The killing of Trayvon Martin three years ago, an act of dubious legal and moral validity, sparked a movement that sought to identify and protest race-based injustices. That spark roared to a flame in Ferguson, amidst allegations of murder at the hands of local police. The fire burned on through similarly controversial police actions involving minorities in New York, Cleveland and Baltimore.
Voices raised against the stain of racism from every angle; from the #BlackLivesMatter movement to columnists and essayists across news media to millions of individuals around the country using their social media accounts to advocate change.
They were legion, and they were right.
For weeks, the controversial killing of Michael Brown and subsequent refusal of a grand jury to bring the white police officer who killed him to trial was at the forefront of American consciousness. Folks in Ferguson reacted passionately and loudly, the figurative and literal flames of civil unrest burning for days; similar but more restrained demonstrations fanned out across the country.
Those far removed from the urban centers where the protested injustices take place took to social media to passionately change their Facebook avatars and adamantly share text-based images about freedom or equality or something else tangentially related to the details of what took place in Ferguson that night.
In case you missed it, we posted the first set of Facebook atrocities earlier this year. You might want to start there. Or do these first. It’s not like there’s a plot to follow.
1) Using a Photo of Your Child as Your Profile Picture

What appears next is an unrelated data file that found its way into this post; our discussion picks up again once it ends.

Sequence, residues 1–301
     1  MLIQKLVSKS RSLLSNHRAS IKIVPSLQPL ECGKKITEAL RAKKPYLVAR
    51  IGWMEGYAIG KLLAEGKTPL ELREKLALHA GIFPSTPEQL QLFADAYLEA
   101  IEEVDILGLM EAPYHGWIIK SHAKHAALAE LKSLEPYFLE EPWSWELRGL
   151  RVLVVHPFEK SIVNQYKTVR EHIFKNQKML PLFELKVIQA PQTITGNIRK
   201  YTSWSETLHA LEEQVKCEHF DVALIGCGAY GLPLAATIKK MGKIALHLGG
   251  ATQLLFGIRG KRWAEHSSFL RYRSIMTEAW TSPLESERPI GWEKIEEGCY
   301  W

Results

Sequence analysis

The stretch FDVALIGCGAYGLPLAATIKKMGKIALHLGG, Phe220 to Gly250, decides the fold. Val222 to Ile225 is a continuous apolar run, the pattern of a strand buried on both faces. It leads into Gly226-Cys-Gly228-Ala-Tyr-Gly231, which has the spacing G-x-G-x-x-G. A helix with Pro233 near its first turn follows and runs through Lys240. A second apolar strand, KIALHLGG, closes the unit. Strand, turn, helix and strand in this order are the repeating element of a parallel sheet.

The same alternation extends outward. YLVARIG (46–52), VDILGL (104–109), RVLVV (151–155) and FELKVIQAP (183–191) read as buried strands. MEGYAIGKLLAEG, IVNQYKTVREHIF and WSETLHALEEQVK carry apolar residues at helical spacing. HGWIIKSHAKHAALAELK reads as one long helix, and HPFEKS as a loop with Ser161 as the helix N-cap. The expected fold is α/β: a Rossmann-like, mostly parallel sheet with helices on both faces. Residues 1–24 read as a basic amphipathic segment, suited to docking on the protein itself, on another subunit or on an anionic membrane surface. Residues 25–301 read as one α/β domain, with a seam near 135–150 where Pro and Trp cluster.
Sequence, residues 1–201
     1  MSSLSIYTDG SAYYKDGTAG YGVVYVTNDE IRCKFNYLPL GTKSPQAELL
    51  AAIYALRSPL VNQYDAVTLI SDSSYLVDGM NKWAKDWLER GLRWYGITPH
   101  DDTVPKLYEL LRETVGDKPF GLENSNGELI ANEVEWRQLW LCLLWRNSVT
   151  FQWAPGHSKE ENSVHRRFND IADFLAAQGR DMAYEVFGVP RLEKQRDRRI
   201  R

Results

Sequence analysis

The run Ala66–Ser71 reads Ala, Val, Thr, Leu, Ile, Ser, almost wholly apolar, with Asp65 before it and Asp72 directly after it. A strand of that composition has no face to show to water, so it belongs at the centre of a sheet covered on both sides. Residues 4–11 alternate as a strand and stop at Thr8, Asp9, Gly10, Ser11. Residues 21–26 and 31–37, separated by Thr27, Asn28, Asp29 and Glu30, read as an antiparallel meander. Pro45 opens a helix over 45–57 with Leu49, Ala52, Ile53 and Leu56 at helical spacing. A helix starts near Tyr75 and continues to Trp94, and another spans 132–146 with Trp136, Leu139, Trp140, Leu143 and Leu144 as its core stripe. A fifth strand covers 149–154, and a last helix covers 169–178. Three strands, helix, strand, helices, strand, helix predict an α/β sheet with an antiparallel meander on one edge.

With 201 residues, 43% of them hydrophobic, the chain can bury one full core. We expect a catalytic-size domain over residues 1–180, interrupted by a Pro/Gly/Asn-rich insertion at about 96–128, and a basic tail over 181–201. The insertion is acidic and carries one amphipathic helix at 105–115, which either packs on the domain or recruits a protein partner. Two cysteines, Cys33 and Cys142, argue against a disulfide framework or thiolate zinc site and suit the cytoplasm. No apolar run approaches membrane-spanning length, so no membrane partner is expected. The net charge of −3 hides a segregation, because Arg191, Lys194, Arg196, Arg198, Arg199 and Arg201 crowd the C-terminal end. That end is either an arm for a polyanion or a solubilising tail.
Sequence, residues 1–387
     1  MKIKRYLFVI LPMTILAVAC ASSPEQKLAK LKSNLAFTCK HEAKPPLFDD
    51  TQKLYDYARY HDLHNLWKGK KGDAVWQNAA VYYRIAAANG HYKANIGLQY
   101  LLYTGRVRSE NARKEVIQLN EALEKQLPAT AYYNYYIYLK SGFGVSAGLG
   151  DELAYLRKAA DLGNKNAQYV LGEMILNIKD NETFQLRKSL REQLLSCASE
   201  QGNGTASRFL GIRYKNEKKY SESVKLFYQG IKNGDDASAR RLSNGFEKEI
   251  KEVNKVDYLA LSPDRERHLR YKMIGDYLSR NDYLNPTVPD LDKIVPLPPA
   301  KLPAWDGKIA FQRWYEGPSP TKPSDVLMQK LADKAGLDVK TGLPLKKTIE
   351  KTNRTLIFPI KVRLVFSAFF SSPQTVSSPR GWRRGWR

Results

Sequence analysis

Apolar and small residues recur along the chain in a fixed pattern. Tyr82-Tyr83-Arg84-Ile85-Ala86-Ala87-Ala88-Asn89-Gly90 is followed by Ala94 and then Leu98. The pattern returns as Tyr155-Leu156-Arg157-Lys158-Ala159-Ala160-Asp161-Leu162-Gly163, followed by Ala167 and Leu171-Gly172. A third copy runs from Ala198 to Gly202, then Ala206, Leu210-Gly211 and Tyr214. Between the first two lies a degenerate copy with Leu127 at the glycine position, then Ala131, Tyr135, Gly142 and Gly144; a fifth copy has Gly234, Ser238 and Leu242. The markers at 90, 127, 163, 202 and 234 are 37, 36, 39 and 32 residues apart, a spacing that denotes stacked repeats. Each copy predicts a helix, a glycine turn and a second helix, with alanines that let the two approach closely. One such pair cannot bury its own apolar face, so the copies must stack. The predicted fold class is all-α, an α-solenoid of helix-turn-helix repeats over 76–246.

Yeah, so, I didn’t ask to become friends with your 4-year old. I’m sure he’s a great guy and everything, probably a wonderful conversationalist, but I was actually more interested in keeping in touch with you. Kind of like, you know, the reason for being on Facebook to begin with.
“But he’s such a big part of my life! It represents me!”
Yeah, well, I watch a lot of porn, but you don’t see me using Sasha Grey as my profile picture.
Ideally, we want to see what you look like; you should know that 90% of the reason Facebook exists is to see how hot or ugly our former classmates and ex-girlfriends and boyfriends have become. Do your part. If you want to throw your kid in there as an accessory, fine. Want to have the occasional graphic or logo to celebrate or protest something? Go nuts. But we don’t need pictures of someone else. Continue reading Shit That Needs to Stop : Facebook II
So, have you done it yet?
Have you accepted someone’s challenge, propped up your camera, and dumped ice water over your head?
I haven’t, and I won’t. The whole thing feels a bit too much like slacktivism, and I’m already on record about being wary of anything that claims to “raise awareness.” Too often, the true goal of such things is to raise your friends’ awareness of your altruism; maybe, by chance, some enlightenment comes along for a ride from time to time.